Finding The Right Lifestyle Community For You – Five Things to Consider
With that being said, there are as many lifestyle communities in Arizona as there are ways to live. And developers and builders continue to create new concepts for living that appeal to more and more homeowners. So how do you choose which is right for you? Good thing you asked – we put together five tips to help.
1) Get familiar with the types of communities available to you.What age group would you like to live among? Do you prefer a high-rise or a master plan? Are you over 55 – and will everyone in your household meet this age requirement? This last question is increasingly important for those considering active adult communities. These associations have rules against under-age residents living full-time in the community. The Housing for Older Persons Act of 1995 (or HOPA) allows for the prevention of residents below the specified age limit, so long as (a) all of the community’s occupants are over age 62 or (b) at least 80% of the community’s units include a resident who is at least age 55. With these requirements met, a community is within its legal rights to prohibit under-age residents. What’s more, these associations are legally within their rights to evict residents who violate this policy (so long as they’ve met other state and federal guidelines). The lesson? Be clear about your family situation and its future outcomes before moving into an age-restricted community.
2) Know your budget.So if you’re looking for a place to live, you’ve probably already budgeted in the price of your new mortgage. But there’s more to consider – association dues, property taxes, utilities and insurance should also be taken into account. Different communities come with a wide range of fees required to support the lifestyles they offer, and this can have a profound effect on your budgeting.
3) Location, location, location.What’s your style, a bustling downtown residence or a tranquil spot overlooking the desert? Is it important to be close to family or friends? What about schools or your job? You can also consider how you like to live – do you need great restaurants nearby, or is a corner grocery store more your cup of tea? Do you rely on public transportation? Do you have regular doctors’ appointments that would be made more convenient if you were closer to them? These are the kinds of things that make location among the most important factors to consider.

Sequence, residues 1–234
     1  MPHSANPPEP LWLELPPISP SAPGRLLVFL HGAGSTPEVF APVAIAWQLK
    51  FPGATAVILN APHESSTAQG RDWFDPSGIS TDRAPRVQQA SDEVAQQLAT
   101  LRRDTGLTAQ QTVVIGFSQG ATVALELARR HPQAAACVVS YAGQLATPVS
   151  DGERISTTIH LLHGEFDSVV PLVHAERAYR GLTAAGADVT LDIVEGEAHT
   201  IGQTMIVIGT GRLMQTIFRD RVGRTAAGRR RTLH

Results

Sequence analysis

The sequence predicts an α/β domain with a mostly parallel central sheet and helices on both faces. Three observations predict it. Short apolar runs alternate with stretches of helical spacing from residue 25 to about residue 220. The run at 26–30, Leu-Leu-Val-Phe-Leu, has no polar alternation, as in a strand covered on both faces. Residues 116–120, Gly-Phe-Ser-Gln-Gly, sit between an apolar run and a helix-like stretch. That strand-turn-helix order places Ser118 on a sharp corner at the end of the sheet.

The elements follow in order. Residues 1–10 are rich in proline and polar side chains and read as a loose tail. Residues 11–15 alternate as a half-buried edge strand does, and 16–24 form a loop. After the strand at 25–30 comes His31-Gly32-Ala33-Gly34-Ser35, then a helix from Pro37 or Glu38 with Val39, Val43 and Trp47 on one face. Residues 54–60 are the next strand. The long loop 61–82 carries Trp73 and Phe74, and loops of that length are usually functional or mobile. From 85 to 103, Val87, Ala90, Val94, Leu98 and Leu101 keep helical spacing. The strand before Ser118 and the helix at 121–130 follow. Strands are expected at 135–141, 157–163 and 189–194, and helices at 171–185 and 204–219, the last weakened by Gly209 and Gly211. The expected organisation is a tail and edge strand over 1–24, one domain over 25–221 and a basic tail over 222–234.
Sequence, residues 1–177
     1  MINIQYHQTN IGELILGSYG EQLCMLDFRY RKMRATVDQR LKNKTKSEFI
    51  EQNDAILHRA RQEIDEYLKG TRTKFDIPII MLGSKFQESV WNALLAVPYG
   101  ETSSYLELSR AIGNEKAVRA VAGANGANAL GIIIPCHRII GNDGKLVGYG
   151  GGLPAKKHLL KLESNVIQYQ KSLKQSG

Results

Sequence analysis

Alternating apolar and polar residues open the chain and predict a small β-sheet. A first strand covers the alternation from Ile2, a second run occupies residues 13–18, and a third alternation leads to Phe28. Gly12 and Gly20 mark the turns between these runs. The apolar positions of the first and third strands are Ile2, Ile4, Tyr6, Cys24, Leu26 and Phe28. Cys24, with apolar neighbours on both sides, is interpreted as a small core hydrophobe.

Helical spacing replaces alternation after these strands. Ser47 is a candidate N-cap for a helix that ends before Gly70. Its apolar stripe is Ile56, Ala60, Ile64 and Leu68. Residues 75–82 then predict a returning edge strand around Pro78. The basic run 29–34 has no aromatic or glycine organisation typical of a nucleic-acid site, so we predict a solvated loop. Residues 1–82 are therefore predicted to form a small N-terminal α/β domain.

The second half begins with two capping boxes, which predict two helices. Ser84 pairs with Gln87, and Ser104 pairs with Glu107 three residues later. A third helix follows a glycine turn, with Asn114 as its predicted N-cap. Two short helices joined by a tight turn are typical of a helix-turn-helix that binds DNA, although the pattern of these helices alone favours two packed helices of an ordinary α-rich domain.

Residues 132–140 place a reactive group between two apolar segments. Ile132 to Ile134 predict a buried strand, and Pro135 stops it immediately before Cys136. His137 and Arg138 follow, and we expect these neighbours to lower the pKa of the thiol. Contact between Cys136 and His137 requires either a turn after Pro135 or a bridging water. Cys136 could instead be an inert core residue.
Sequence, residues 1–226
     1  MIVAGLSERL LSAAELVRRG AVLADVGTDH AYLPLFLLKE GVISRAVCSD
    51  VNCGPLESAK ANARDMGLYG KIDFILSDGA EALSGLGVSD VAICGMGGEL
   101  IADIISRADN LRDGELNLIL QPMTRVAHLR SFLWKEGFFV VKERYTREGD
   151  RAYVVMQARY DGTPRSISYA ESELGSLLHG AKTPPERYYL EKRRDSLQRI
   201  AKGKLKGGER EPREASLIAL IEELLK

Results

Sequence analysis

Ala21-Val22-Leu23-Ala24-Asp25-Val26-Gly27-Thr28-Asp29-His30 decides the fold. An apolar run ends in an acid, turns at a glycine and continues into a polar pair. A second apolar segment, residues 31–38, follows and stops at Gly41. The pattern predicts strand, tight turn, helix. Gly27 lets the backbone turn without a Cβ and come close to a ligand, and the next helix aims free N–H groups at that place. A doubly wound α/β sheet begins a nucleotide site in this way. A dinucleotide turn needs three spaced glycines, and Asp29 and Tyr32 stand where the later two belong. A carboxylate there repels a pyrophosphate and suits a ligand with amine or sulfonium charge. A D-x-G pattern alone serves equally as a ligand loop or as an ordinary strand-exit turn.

4) Imagine your ultimate quality of life.This is the time to think beyond the boundaries of your new home space. Take into account the many different amenities offered by a community – and not just whether they have a pool, fitness center, or concierge. Take a look at their “lifestyle programming,” that is, clubs, classes and organizations that could enhance your quality of life. Some communities feature hiking and biking trails, golf courses, wi-fi-cafés, pickle ball courts, wine tasting events, travel clubs and more. You might want to see if your prospective community has an on-site Lifestyle Director, a professional who continually develops new programs based on the changing wants and needs of residents.
5) Management matters.A well-managed community will continue to meet – and exceed – your lifestyle expectations. Some communities opt for self-management. Others contract with a good HOA management company. Either way, you’ll want to make sure the association is stable and under good fiscal stewardship. Professional management can help ensure that – these companies enforce the rules, bylaws and CC&Rs (Covenants, Conditions and Restrictions) to make sure property values stay high and residents are kept happy. Get insight and feedback on the status of your prospective association by talking to board members, community residents and, if you can, the HOA manager herself.
There you have it – a few tips to keep in mind when considering a lifestyle community. Do your research and consider the lifestyle you want to live (and can afford) and you’re sure to arrive at a good match. For more information on lifestyle communities, contact FirstService Residential.